Does high-school sex education reinforce female passivity? How can the language that coaches use with athletes be made more respectful? How useful is standardized test data across backgrounds, nations and continents?
Undergraduates in Stanford’s EAST (Education and Society Theme) House look at these and other questions through the lens of education as a means of changing the culture. Through lunchtime seminars, speaker events and informal talks, they find research and service opportunities and ways to connect their academics with the wider world – whether as teachers, educational technologists, policy makers, entrepreneurs or scholars.
“Stanford undergraduates are interested in education. They know firsthand how powerful it is as a force for change,” said resident fellow Christine Min Wotipka, an associate professor in the Graduate School of Education who came to EAST House in 2006 with her husband, GSE associate professor Anthony Lising Antonio.
“The challenge is finding where to fit,” said Kojo Osei, ’18, a former resident assistant in the house. “There are a lot of ways to be involved in education. EAST House is a great way to contextualize that.”
Residents attend weekly one-unit lunchtime seminars for at least two quarters of the academic year. (Lunch is included, saving students a meal swipe.) The seminars are open to all undergraduates, as are career panels and events like talks with Michael Kirst, a GSE professor and current president of the California Board of Education.
In fall quarter, the seminar looks with broad lines at educational issues. This past winter, participants were introduced to each of the Graduate School of Education’s 10 research centers. Students do group reflections on such topics as finances, inequality and access, then present their work at quarter’s end.
“A group of Stanford baseball players was taking it – they lived nearby and it was easy for them to walk over here,” Wotipka said. They were concerned about the language, which they described as sexist and female-degrading, used by coaches to critique players.
“They role-played what the same conversations would sound like after the coaches had had training, and gave feedback with more positive correction. It was great.”
Though students don’t have to live in EAST House to attend its programs, many do for its culture of volunteerism and public service, Wotipka said.
“We have many Haas Center participants and others who feel passionate about service. They want to be in a residential community where they can work and talk together on these issues,” she said.
The house launched as an East Asian theme house: Wotipka, a sociologist, has done work in South Korea. Antonio and Wotipka launched the education theme in 2010, keeping the old acronym but better reflecting student interest, Wotipka said.
While the GSE confers only graduate degrees, a full 20 percent of its course enrollment is undergraduate, and it offers an undergraduate minor and honors program in response to student demand. The GSE’s emerging UP@GSE initiative explores further ways to broaden and deepen undergraduates’ knowledge of education research, policy and practice.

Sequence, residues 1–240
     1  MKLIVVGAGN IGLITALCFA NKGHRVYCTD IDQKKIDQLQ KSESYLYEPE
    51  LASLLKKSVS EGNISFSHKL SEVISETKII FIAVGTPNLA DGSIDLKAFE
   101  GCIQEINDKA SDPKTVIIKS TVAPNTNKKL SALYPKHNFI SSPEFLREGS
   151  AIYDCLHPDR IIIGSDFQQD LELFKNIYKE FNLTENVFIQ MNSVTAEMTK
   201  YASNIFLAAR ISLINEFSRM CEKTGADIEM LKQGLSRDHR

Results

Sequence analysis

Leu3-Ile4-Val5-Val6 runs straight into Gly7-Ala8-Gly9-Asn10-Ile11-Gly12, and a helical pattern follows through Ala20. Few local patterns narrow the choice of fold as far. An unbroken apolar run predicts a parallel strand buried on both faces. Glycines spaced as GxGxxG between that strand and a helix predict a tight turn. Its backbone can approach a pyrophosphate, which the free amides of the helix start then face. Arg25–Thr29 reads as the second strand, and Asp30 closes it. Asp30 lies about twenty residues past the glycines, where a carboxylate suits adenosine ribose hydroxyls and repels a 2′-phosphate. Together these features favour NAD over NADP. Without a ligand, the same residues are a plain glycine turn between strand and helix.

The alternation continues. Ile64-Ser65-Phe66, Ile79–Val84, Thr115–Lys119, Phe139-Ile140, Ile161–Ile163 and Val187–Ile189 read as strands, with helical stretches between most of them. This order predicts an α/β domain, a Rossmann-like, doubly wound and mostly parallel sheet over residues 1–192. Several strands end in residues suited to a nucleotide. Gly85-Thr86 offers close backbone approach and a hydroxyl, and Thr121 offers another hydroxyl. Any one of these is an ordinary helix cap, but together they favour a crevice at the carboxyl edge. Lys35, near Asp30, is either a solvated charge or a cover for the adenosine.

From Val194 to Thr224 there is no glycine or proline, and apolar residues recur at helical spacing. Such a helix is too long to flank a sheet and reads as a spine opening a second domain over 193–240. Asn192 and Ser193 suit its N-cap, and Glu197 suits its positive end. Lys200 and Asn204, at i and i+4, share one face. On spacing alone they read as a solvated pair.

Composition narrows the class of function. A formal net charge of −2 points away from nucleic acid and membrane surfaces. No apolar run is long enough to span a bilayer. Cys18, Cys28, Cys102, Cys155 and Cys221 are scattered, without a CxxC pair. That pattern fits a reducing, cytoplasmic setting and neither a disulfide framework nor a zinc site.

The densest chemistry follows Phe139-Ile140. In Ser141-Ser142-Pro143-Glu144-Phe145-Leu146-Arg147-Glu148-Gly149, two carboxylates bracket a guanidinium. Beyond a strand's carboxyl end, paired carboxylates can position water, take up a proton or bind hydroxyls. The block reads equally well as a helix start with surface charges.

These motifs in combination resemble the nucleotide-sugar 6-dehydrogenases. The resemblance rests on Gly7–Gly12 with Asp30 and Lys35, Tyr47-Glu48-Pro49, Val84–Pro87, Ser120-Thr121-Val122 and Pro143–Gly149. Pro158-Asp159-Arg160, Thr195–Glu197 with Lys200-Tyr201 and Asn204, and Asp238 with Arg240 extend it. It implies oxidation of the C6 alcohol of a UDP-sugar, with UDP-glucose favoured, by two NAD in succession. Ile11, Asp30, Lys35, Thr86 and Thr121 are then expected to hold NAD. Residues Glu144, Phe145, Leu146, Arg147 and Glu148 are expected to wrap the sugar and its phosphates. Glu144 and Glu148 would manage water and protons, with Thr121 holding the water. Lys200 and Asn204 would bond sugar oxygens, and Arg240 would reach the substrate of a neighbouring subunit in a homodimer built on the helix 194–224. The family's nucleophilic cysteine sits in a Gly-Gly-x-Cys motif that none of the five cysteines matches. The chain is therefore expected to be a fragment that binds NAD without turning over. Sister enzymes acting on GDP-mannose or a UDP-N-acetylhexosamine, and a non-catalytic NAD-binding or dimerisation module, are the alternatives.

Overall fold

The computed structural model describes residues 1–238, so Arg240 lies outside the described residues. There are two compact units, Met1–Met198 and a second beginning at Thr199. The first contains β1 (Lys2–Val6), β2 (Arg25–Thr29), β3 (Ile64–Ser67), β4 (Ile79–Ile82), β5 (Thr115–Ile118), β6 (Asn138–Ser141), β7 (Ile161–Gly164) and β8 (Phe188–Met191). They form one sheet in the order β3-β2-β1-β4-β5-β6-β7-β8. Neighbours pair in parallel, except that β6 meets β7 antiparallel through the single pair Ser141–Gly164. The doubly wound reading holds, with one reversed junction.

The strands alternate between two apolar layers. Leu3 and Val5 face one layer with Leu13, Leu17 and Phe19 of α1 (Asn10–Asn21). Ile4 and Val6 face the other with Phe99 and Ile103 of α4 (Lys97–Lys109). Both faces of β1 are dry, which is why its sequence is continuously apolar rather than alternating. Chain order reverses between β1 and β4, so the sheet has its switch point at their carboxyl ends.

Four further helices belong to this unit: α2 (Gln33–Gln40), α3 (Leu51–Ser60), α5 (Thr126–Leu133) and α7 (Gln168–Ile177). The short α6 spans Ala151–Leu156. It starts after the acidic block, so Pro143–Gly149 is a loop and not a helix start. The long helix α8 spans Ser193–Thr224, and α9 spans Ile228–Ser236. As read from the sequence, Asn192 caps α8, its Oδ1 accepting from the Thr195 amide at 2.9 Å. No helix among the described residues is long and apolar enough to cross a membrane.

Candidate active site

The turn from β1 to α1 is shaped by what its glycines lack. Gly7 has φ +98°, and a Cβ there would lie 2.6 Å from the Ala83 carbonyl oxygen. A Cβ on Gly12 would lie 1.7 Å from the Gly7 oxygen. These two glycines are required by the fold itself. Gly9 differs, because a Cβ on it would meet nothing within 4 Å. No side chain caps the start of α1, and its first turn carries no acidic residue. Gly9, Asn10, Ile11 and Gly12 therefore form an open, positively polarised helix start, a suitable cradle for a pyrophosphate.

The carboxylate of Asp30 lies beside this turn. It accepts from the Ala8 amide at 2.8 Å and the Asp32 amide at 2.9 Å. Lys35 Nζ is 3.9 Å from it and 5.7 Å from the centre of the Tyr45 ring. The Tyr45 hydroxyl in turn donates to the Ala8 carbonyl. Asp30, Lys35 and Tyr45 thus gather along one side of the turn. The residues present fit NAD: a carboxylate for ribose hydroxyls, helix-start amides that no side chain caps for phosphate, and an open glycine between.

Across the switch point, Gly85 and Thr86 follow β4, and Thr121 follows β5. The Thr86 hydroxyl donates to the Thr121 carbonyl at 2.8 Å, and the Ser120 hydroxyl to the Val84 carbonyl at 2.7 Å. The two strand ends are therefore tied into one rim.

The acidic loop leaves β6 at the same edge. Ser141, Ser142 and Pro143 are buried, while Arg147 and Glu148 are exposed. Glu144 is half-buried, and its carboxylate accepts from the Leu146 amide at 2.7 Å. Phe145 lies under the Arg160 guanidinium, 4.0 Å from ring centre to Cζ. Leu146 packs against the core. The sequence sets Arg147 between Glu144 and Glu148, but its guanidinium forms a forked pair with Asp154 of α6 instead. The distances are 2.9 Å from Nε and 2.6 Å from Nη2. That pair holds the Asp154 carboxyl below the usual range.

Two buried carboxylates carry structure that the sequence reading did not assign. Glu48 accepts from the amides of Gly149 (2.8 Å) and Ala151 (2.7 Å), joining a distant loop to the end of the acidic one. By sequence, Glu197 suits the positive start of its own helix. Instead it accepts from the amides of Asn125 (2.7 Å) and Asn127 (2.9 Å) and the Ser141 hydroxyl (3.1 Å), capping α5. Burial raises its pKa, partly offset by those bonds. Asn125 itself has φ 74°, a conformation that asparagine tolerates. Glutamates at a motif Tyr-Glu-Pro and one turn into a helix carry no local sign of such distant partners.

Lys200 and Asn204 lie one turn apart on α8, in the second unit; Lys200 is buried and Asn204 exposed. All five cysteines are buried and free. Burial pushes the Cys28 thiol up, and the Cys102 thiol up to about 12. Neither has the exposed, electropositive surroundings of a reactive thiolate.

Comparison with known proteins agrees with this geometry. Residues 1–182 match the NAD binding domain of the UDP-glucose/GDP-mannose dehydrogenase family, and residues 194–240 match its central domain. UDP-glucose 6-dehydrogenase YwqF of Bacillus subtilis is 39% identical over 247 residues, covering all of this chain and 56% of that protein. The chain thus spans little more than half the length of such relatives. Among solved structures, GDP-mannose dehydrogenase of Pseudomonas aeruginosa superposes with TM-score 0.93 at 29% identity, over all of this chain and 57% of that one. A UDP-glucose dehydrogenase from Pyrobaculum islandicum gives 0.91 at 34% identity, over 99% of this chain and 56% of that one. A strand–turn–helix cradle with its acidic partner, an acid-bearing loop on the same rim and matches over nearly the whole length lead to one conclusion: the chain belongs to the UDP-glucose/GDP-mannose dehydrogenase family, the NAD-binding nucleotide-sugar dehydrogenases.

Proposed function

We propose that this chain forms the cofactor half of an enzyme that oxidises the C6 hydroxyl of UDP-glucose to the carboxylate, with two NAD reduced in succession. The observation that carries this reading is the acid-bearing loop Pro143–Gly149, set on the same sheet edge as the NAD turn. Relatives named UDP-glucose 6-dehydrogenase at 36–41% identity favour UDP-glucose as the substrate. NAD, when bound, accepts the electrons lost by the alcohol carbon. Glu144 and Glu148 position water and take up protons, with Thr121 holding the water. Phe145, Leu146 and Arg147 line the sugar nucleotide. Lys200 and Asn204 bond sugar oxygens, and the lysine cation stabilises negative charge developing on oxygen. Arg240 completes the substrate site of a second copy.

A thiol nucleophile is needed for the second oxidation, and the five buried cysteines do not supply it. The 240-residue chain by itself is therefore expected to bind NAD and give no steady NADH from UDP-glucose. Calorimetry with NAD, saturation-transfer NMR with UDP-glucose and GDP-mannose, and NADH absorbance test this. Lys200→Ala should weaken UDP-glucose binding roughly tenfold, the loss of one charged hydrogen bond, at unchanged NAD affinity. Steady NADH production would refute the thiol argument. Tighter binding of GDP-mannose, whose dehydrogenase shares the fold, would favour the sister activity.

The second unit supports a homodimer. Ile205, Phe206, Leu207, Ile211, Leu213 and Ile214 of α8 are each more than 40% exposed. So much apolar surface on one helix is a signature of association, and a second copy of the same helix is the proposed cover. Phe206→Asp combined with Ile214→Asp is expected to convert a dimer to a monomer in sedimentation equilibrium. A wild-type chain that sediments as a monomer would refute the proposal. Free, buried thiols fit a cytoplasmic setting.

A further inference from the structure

One outcome of EAST House seminars has been Stanford’s pre-education student society, SPREES, founded in 2012 by Julia Quintero, ’15, with classmates who presented it as an end-of-quarter seminar project. Quintero, now a master’s student in the GSE’s Stanford Teacher Education Program (STEP), said SPREES aims to increase campus advising for future teachers and to help entice the best students into the profession.
“I entered Stanford knowing I wanted to teach, and I might have set a record for the number of times I took the EAST House seminar as an undergrad,” Quintero said. “Bicycling to the house one day, I was thinking about the low status teachers have in this society, how hard it was to meet others who felt as I did and what could be done about it.
“I was in the Human Bio core, which is mostly pre-meds, and everything was pre-med this and pre-med that and I thought, ‘Why not pre-ed?’” Quintero told the Palo Alto Weekly in 2013.
Other EAST House participants are passionate about education, but think their niche may be outside the classroom.
“My dad was a math teacher,” said Osei, a senior in math and computer science. “Being surrounded by educationists, you realize it’s not an either/or situation to stay involved in education without sacrificing a career in something else.
“Before Stanford, I took a gap year in an educational nonprofit working with kids with learning disabilities. The EAST House seminars really put my previous experience into context.
“Last year, Professor Amado Padilla talked about Buena Vista Mobile Home Park [a Palo Alto community of working-class, mostly Spanish-speaking homes], and what the students in these places are able to achieve. ... That was an introduction to practical interventions that can help people succeed.
“It’s right here. It’s something you can relate to."
Osei is pursuing a co-terminal master’s in biomedical informatics in the School of Medicine.
“I’m a technologist,” he said. “I want to know how can tech augment experience, but also how tech has been hyped up and has failed. The seminars really help to question how we do a lot of things in ed tech, how to get to the human component in education.”
-- Barbara Wilcox